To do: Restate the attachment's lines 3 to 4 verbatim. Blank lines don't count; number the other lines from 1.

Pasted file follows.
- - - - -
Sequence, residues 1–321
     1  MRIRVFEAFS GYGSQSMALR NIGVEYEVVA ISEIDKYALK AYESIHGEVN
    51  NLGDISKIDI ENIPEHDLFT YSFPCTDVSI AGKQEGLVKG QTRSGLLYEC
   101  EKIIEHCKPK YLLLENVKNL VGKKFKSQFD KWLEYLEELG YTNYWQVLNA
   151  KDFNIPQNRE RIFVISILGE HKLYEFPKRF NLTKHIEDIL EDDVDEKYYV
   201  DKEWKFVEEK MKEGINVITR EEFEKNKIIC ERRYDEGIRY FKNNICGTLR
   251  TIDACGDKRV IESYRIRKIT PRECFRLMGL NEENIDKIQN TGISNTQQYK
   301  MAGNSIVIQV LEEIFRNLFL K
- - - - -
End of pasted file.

    51  NLGDISKIDI ENIPEHDLFT YSFPCTDVSI AGKQEGLVKG QTRSGLLYEC
   101  EKIIEHCKPK YLLLENVKNL VGKKFKSQFD KWLEYLEELG YTNYWQVLNA